BY GERARD FLYNN | Under the New York City Charter, each city agency is allowed to make internal rule changes it deems necessary to carry out its function, without a vote before the City Council. This gives agencies like the Department of Housing Preservation and Development the authority to make sweeping changes with potentially broad implications, such as recent rule changes to an affordable housing program dating back to the 1950s.
Before the rules can be implemented, however, the public must be given a chance to weigh in. And on Nov. 6 at H.P.D.’s offices, many individuals did, upset at proposed changes to the Mitchell-Lama program, enacted in 1955 to make housing affordable for low- and middle-income people.
Some of the proposed rule changes are minor and have even drawn praise. But a number of them provoked the scorn of irate tenants, housing activists and even city politicians, who see the changes as facilitating the deregulation of thousands of affordable units currently protected under the program. Chief among their concerns is the rule governing succession rights.
Specifically, the proposed modification would eliminate succession rights for uncles, aunts, nephews and nieces. Also, H.P.D. would only authorize succession if the primary leaseholder has died or been transferred to a nursing home, leaving the next applicant with 90 days to apply, much too short, critics said, for a relative in mourning. Ambiguity about what exactly defines a “surviving” spouse has also left many L.G.B.T. activists demanding clarification, amid concern that the parameters may be discriminatory.
Local City Councilmember Rosie Mendez submitted testimony at the hearing. She did praise changes that give preference to veterans. But she slammed the rest of the proposed rules because they “would have a disparate impact on heterosexual or L.G.B.T. couples who choose not to marry.”
Mendez expressed grave concern about one of the provision’s proposals, which, many charge, would facilitate Mitchell-Lamas transforming into Housing Development Fund Corporations (H.D.F.C.’s). Allowing such a change would eventually end the Mitchell-Lama program as we know it, she said.
Because state tax subsidies also fund the Mitchell-Lama program, D.H.C.R. is charged with oversight of many these developments in the city. However, the new rules strictly affect buildings under the oversight of H.P.D.
At Village View, an East Village Mitchell-Lama complex, tenants raised these fears, amid concern the rule changes would accelerate deregulation and result in a loss of their rights and, ultimately, eviction. Some tenants spoke approvingly of news that single occupants in two- and three-bedroom apartments would face a shift to smaller units. But deregulation for a fixed-income tenant could spell serious trouble, noted Sue Susman, a retired Brooklyn College law professor who lives in a former Mitchell-Lama that privatized.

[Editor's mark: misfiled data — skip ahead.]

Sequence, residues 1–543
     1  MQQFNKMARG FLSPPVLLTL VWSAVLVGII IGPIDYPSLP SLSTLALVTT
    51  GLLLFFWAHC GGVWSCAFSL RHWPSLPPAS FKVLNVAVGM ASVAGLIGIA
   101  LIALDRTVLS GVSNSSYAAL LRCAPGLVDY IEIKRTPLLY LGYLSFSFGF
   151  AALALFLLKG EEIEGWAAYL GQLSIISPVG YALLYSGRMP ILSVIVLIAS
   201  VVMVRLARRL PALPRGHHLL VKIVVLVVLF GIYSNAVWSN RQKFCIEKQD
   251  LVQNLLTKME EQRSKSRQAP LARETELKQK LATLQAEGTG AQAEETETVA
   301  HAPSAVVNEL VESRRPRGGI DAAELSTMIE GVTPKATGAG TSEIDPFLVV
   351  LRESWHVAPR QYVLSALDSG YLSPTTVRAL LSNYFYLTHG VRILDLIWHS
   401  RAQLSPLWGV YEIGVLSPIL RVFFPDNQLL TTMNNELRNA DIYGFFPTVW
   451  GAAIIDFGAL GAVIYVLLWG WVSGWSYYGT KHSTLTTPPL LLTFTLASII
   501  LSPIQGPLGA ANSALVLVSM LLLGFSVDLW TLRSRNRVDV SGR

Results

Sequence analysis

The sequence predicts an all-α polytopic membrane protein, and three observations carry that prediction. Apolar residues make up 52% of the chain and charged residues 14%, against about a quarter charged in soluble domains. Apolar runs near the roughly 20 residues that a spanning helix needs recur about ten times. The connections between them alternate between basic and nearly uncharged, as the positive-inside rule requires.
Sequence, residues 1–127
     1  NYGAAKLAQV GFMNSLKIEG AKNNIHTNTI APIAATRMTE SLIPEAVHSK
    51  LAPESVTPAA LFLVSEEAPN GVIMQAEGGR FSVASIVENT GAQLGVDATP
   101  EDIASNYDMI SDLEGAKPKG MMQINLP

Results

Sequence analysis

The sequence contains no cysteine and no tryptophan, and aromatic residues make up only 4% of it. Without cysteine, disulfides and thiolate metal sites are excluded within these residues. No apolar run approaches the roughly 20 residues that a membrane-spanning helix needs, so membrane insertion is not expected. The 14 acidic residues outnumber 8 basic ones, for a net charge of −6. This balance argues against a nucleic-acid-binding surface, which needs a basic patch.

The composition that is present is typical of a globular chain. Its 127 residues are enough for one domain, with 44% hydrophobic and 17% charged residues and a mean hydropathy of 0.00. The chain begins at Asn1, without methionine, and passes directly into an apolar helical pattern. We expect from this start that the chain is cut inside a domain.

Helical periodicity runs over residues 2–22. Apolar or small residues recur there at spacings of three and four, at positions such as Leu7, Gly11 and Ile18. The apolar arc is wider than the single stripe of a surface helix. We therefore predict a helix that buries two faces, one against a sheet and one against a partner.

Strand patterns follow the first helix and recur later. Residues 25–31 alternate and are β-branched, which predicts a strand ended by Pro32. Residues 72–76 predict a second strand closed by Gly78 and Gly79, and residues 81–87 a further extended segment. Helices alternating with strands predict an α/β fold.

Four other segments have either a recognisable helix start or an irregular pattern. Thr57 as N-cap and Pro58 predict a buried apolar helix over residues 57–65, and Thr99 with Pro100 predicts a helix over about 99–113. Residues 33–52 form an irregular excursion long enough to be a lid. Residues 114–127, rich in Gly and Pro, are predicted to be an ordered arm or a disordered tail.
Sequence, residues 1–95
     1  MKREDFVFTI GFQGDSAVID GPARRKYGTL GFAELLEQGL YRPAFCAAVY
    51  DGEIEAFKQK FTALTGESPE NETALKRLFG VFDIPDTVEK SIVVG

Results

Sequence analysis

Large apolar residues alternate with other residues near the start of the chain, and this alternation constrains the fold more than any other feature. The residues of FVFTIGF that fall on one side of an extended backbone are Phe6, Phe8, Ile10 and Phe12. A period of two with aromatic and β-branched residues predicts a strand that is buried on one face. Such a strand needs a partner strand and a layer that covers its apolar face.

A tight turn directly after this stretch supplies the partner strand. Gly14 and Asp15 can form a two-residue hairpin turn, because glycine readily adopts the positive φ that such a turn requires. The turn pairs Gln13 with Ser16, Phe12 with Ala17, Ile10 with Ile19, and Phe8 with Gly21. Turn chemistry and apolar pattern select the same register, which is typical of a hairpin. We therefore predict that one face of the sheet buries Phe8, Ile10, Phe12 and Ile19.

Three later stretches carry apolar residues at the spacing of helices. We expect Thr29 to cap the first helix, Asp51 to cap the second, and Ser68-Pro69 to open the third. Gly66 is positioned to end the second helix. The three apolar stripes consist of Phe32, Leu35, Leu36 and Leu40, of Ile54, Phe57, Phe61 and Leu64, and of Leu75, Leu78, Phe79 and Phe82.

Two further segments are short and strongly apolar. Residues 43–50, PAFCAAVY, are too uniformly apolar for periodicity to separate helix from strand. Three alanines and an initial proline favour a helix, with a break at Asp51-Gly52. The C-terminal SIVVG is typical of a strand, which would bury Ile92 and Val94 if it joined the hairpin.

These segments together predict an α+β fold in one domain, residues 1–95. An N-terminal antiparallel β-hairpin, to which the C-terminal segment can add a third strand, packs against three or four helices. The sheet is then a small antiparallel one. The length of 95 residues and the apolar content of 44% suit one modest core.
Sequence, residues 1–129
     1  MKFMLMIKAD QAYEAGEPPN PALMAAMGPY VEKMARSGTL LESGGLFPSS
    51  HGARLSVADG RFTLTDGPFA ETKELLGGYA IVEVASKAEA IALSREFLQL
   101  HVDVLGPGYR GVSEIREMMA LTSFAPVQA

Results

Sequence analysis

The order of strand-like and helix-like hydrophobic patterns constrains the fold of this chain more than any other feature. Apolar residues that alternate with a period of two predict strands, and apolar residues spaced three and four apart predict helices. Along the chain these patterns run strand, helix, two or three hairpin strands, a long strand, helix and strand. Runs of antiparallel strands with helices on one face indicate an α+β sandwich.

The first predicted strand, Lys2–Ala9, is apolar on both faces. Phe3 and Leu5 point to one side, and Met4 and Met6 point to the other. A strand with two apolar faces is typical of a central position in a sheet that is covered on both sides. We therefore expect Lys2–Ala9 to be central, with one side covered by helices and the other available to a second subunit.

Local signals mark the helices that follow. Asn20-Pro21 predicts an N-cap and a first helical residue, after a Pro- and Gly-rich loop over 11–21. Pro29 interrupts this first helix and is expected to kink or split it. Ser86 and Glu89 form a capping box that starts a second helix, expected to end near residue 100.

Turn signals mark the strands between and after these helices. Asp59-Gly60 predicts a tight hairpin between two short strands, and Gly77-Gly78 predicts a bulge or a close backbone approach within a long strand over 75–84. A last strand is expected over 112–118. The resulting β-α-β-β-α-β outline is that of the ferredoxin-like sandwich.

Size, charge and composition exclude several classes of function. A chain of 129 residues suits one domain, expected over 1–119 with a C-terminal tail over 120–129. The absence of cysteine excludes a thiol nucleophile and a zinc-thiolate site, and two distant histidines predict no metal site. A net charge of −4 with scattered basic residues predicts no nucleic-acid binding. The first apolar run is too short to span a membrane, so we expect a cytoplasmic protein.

Tenants in a privatized buildings, for example, can make demands on management, such as for major capital improvements (M.C.I.’s), tacking substantial increases onto maintenance costs and creating serious problems for elderly tenants with only a pension and, thus, the inability to meet a substantial maintenance hike.
At Village View, many tenants must pay around $20,000 to get an apartment, after spending time on the waiting list. That is substantially less than the kind of mortgage private shareholders would be forced to pay.
However, rumors about impending privatization are unfounded, said Dr. Frank Gardner, the treasurer of the complex’s board of directors. Village View, which opened in 1964, today has just under 1,300 units. Gardner said that, if anything, complaints the board is getting from many tenants about the proposed rule changes may drive them closer to privatization.
“These rules are making people ask, ‘Why should we stay with H.P.D.?’” he said. He added that H.P.D. has too many rules as is, effectively making tenants “vassals” to the agency, and with less control as a consequence. Since news got around about the proposal, tenants have been getting increasingly irate and have been asking a lot more about privatization, he noted.
Gardner added that, while he isn’t an expert on the issue, and while the board has no intentions, at this stage, of deregulating the complex, he is getting up to speed, because of increasing chatter from tenants. So, he said, he feels “a responsibility to know more” about privatization.
In a letter to state Senator Brad Hoylman, Daisy Klein, an elderly resident, pleaded for his attendance at the hearing. She told Hoylman the new rules are “giving ammunition to those who want Village View to go private,” and that the changes would “greatly handicap” attempts to keep Village View in the Mitchell-Lama program.
Hoylman and fellow state Senator Brian Kavanagh, whose districts include many buildings in the program, agreed with Klein. In a letter submitted at the hearing, they criticized the proposed changes in succession rights and the proposal’s provisions that undermine the affordable housing program.